“In the first years of the Communist government, from 1921 to 1926, Lenin actually tried to promote those [peaceful] goals. Many people — not only in Russia, but throughout the world — had hope that the Revolution could produce good results. Then Stalin took over, and it was worse than any time in the past.”

Marinich noted that among the revolutionaries who knew of his grandfather was Leon Trotsky, who referred to the police chief as “the respected General Globachev.”

Marinich said that he learned much about his grandfather not only through the memoirs, but also on visits to the state archives in Moscow between 2002 and 2004.

“I read his reports. As things started to get nasty in 1917, he wrote about the unhappiness of the people, and [noted] that it was not political but economic, and if nothing is done to improve the economy, it would turn political.” 

Russia today

Recent news stories note that Putin and the Kremlin intend to sit out the centenary celebration of the Russian Revolution, even though it transformed the country and the world, and brought about an ideological confrontation with the U.S. and most of the West that still resonates.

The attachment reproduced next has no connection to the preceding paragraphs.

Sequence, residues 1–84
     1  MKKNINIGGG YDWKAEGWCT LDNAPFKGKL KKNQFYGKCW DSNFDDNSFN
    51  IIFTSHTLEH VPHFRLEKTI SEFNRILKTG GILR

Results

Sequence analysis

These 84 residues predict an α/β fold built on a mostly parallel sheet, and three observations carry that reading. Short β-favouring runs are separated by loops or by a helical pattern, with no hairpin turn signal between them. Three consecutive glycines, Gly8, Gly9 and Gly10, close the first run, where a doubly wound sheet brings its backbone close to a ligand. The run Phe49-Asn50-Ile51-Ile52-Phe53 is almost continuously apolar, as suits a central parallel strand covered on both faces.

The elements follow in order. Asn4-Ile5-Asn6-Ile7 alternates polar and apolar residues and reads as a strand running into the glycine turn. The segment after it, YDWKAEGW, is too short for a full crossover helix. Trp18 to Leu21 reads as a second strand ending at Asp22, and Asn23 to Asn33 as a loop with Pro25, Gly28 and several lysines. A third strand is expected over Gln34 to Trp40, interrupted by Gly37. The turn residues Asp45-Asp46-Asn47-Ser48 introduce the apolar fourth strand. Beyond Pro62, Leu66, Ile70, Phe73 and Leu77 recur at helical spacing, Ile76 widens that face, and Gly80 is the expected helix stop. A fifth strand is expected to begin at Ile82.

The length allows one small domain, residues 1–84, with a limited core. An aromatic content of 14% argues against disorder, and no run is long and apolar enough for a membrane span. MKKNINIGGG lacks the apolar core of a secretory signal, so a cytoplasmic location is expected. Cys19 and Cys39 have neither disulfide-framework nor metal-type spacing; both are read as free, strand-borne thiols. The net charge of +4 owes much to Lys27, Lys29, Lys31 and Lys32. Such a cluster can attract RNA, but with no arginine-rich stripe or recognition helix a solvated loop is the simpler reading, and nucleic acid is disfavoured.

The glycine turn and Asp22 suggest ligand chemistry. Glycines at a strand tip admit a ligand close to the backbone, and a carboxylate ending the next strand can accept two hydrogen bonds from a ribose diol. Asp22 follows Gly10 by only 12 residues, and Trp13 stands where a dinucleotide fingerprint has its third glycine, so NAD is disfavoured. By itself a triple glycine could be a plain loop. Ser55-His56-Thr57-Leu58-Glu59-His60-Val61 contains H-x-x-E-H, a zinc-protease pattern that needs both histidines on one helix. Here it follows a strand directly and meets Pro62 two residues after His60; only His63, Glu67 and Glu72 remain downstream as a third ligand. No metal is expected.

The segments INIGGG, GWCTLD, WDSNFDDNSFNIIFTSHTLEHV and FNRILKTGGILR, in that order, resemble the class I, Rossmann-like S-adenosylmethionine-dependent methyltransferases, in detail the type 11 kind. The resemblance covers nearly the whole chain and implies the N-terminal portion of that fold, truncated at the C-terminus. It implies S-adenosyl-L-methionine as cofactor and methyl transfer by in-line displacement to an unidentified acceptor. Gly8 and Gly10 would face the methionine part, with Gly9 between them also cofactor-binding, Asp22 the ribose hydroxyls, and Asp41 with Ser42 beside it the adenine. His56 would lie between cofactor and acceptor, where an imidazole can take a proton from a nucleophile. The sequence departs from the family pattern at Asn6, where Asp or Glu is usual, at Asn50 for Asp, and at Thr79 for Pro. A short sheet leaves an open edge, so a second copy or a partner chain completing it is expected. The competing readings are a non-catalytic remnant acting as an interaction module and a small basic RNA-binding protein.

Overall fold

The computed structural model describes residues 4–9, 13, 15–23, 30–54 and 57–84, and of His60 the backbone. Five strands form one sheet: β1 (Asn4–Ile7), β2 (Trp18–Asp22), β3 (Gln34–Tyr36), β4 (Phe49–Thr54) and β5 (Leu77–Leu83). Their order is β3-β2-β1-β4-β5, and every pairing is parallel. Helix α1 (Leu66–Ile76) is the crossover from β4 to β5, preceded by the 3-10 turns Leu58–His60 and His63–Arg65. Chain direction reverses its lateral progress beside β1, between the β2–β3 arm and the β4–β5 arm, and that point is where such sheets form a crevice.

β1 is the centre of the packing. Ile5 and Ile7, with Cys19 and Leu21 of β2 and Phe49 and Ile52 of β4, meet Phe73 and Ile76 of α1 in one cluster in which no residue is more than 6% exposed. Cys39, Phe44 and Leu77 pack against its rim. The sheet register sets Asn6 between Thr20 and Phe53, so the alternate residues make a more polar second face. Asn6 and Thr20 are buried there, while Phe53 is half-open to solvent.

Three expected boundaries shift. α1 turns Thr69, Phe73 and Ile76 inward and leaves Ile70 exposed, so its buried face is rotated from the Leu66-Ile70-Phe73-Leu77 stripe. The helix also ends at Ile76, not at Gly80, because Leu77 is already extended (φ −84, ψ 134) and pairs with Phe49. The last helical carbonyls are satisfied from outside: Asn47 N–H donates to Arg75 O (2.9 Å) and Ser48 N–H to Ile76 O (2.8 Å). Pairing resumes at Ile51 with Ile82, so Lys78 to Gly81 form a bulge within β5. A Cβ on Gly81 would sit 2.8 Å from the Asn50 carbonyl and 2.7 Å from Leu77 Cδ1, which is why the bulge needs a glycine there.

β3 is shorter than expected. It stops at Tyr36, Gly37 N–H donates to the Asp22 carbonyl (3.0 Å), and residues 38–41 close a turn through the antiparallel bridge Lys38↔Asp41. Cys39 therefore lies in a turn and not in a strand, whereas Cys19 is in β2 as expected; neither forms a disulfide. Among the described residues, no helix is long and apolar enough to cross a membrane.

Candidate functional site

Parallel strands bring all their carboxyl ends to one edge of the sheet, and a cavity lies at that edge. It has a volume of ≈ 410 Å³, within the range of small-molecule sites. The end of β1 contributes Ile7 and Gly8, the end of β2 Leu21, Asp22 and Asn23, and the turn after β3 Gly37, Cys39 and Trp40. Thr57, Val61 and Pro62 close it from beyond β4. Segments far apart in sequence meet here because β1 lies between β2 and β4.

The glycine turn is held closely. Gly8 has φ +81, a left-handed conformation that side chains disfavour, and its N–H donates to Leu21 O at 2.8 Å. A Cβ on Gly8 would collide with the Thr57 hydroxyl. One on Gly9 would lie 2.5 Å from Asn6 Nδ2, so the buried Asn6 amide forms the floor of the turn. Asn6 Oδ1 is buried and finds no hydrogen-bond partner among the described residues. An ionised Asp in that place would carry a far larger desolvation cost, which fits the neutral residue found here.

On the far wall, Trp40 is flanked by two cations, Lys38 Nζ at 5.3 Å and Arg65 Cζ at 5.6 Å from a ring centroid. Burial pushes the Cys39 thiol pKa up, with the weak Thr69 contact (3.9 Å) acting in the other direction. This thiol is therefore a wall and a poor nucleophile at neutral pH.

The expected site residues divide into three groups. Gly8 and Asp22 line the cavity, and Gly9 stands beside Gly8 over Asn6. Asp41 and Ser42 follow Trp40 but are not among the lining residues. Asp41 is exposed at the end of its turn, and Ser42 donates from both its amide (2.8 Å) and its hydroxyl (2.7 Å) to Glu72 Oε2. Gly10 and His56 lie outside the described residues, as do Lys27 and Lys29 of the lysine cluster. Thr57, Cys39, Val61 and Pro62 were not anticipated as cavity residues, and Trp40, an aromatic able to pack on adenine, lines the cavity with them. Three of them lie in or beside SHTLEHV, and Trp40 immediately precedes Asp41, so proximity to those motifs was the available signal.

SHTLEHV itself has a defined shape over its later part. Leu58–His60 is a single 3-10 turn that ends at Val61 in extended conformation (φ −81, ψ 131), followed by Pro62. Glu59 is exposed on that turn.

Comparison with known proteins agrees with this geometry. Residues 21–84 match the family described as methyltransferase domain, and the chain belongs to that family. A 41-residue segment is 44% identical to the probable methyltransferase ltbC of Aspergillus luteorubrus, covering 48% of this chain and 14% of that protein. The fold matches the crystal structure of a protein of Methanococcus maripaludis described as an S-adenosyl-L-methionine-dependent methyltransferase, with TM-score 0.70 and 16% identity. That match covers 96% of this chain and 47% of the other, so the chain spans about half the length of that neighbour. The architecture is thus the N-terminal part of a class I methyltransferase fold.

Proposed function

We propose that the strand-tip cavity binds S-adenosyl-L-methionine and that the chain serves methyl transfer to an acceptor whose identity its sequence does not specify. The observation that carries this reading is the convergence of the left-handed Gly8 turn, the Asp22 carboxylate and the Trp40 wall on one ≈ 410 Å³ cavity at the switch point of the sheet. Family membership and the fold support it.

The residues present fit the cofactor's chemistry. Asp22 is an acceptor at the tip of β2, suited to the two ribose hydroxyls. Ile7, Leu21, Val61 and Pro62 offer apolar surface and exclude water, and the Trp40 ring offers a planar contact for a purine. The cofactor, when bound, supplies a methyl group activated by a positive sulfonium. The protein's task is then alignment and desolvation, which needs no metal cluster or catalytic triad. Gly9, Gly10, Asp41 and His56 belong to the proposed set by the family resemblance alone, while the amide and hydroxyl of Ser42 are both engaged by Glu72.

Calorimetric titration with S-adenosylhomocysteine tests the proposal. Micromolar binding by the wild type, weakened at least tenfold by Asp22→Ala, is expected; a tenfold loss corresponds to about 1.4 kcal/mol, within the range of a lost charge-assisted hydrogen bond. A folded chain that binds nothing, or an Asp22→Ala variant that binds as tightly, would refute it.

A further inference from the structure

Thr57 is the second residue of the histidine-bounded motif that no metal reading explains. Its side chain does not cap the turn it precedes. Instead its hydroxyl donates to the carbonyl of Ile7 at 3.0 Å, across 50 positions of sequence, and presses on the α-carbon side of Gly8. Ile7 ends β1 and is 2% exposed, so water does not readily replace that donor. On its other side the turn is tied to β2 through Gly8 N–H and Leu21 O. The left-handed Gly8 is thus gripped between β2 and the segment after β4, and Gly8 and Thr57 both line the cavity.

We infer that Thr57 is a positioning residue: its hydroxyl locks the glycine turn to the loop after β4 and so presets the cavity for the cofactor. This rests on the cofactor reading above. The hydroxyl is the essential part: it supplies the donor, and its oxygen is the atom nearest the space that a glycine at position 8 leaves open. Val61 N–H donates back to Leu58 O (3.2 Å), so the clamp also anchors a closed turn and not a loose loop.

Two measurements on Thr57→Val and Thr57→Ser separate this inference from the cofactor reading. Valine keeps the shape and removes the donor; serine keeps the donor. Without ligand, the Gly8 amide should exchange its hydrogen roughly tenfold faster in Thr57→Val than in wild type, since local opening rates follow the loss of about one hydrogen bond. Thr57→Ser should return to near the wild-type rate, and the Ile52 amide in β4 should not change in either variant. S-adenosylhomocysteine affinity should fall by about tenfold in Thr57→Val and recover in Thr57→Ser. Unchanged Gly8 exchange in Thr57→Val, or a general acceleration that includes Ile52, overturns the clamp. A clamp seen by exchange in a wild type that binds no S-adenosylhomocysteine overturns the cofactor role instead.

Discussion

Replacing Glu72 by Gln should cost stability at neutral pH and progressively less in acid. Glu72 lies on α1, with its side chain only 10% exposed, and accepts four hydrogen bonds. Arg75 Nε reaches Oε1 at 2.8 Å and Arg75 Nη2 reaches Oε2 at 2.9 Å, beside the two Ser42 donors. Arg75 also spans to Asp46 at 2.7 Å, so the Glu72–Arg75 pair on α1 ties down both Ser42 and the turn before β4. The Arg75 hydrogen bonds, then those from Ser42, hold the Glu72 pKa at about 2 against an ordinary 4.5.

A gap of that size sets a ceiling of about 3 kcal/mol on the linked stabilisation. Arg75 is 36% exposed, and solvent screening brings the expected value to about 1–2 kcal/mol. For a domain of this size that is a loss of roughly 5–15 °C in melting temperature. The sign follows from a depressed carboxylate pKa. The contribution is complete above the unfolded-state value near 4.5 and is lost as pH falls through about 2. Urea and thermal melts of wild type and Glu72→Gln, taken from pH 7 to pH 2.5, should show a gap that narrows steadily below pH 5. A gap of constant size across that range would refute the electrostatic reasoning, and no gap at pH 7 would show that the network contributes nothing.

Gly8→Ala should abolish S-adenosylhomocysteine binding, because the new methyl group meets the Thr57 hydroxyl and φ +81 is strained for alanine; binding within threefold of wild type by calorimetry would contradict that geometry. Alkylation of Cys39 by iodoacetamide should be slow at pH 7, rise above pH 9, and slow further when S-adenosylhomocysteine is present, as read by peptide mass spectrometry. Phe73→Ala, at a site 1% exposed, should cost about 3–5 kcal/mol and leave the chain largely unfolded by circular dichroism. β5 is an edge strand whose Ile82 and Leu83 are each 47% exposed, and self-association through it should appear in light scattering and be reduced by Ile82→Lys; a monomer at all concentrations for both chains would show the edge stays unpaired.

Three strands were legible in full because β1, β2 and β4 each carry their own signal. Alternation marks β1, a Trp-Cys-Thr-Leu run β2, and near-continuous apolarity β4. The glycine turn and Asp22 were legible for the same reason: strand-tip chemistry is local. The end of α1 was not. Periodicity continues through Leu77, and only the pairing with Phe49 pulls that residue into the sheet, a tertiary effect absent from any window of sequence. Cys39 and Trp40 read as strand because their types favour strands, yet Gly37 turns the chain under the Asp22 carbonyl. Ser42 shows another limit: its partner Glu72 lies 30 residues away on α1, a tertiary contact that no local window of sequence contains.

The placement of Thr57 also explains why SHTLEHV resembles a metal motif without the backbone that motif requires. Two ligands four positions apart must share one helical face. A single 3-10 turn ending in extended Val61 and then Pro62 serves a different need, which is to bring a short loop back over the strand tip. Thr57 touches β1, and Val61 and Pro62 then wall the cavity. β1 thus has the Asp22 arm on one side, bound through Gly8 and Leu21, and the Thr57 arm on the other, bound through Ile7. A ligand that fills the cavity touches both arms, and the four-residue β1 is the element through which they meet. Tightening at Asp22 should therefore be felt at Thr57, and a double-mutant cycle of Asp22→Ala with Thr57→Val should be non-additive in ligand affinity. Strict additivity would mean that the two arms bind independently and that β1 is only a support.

The official reason for almost ignoring the event, according to an article in The New York Times, is that Russia “remains too divided over the consequences of that fateful year.”

However, said the article, “The more likely that President Vladimir V. Putin loathes the very idea of revolution, not to mention the thought of Russians dancing in the streets to celebrate the overthrow of any ruler.”

Marinich was asked what he thought about Putin. “Not much” was his answer.

And what about the supposed close relationship between the Russian leader and President Trump?

“They’re like Abbott and Costello.”

Who is straight man Abbott and who is comic Costello?

“You decide,” Marinich said.